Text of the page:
"They didn’t know that I was Jewish. It didn’t cross my mind because there, like I said, everyone thought that I was Mara... But there was also Ulisse, Polifemo, Lampo, Fulmine ... they all had battle names. You didn’t know anything about anyone. It wasn’t important. So most people didn’t know that I was Jewish."
— Marisa Diena.
Marisa Diena was born in Turin, Italy, on September 29, 1916. Eight years old when Benito Mussolini became dictator of Italy, Marisa was taught to love Fascism. However, in 1938, Italy passed its first Racial Laws, in imitation of the Nazi Racial Purity laws, banning Jews from working in the public sector or attending public school. In 1940, Italy declared war on Britain and France, and by 1942, Turin was being bombed on an almost daily basis. By 1943, Italy was in a state of virtual civil war. Mussolini was deposed and Italy surrendered following the allied invasion of Sicily. Germany responded by seizing control of Northern and Central Italy and reinstating Mussolini as the head of a new puppet regime.
After the Nazis occupied Turin, Marisa fled into the mountains around Torre Pellice to join the partisans. The role of women in the Italian partisans was unique; since most of the male partisans were army deserters, only women were able to move during the day without arousing suspicion. As a result, Marisa became the vice-commander of information for her unit. During the day, she would ride her bicycle around the countryside, collecting information from local informers. Each night she would report back to her commander. In addition to sabotage and guerrilla warfare, Italian partisans tried to keep order in the war-ravaged countryside. Marisa’s unit created local community committees in the Torre Pellice region to distribute rations and helped organize strikes among industrial workers in cities like Turin.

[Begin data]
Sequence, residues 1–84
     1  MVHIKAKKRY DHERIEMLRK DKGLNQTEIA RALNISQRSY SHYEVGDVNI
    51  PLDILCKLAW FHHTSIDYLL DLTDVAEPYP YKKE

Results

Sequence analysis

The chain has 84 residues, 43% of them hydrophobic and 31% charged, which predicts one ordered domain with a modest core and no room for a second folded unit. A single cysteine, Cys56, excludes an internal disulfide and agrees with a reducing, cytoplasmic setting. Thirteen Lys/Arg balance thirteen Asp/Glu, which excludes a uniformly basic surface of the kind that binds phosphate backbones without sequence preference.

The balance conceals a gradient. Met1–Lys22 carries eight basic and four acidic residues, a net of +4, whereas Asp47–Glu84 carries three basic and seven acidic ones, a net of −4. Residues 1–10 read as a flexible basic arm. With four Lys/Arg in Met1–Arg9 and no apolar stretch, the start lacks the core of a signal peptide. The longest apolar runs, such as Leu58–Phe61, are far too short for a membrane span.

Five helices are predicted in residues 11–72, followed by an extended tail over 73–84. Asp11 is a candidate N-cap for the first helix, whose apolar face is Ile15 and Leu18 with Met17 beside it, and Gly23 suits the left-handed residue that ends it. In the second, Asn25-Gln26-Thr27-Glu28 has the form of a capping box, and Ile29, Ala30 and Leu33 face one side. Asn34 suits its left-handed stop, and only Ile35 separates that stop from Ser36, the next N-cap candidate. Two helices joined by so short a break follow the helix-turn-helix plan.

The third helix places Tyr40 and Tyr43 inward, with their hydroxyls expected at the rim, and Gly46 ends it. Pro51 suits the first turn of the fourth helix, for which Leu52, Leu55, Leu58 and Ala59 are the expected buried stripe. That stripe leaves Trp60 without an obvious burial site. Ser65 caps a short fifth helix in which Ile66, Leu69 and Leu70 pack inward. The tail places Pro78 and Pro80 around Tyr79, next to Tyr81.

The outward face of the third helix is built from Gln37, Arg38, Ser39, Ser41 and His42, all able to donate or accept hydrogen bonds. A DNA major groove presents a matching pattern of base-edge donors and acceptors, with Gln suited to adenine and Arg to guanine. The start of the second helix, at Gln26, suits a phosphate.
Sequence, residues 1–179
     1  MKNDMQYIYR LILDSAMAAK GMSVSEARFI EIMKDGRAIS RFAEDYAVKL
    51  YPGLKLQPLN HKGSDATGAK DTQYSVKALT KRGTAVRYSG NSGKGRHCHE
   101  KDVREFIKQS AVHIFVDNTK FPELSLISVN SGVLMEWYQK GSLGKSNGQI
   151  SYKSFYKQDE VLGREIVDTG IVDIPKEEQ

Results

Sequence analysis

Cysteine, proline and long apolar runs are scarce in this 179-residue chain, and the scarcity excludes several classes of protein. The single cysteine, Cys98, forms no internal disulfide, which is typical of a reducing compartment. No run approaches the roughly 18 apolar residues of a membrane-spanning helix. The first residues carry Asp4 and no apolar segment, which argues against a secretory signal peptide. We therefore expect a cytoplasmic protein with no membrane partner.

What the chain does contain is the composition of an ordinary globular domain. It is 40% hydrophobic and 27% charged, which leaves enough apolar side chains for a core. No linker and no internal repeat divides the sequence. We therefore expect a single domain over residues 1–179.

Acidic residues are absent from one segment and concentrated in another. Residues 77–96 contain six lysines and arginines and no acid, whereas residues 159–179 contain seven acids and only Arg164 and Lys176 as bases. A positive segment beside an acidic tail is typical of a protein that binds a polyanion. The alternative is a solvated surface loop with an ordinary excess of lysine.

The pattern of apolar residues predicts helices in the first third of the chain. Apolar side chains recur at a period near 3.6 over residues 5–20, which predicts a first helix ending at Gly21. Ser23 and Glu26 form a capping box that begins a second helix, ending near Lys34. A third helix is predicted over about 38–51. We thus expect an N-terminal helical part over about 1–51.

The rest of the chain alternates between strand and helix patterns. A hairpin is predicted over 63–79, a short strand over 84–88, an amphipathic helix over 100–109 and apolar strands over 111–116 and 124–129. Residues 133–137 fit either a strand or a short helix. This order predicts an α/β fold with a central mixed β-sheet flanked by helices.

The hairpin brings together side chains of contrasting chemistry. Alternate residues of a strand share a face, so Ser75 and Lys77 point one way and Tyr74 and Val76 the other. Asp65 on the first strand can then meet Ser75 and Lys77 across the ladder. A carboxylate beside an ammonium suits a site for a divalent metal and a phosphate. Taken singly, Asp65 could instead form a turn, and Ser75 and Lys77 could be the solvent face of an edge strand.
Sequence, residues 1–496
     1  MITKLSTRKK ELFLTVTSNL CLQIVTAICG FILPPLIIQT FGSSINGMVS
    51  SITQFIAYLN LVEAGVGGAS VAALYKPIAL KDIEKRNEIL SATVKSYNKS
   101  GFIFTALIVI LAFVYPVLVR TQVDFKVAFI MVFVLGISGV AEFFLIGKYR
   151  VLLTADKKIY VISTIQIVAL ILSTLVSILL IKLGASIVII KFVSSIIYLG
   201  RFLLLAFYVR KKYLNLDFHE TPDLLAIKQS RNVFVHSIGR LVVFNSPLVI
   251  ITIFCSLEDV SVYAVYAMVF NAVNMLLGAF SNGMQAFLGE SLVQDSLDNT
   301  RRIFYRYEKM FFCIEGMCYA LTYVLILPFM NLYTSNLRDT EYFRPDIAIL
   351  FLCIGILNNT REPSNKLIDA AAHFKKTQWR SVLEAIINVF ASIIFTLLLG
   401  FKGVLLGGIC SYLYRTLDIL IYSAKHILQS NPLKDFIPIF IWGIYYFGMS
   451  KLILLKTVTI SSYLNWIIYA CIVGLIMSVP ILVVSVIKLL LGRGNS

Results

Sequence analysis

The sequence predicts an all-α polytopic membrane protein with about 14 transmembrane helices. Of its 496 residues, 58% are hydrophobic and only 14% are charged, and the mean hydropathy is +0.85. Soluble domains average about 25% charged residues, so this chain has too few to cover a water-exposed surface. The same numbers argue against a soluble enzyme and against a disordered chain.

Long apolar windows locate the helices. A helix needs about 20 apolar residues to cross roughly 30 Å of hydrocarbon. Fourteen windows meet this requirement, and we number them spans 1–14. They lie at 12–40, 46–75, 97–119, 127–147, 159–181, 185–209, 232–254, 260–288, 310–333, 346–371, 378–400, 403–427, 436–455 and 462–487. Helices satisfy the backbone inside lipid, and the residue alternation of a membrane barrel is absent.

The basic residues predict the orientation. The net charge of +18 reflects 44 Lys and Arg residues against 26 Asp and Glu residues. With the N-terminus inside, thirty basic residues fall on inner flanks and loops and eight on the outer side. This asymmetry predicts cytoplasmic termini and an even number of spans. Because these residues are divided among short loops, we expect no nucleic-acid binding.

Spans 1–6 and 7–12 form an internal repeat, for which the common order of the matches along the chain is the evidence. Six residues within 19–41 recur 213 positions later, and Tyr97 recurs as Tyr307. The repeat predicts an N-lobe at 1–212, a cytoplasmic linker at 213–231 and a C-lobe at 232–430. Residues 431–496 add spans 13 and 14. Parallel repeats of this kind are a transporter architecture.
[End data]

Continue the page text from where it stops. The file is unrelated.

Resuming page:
In the spring of 1945, the estimated 300,000 partisans working in Northern Italy organized a national liberation committee. On April 25th, 1945, Marisa’s partisan unit liberated Turin, while their comrades in other major cities did the same. After the war, as Italian democracy began to blossom, Marisa remained engaged in politics, witnessing the ratification of the new Italian Constitution in 1948. Marisa remained in Italy, sharing her experience as a partisan with elementary school children. She passed away on May 8th, 2013.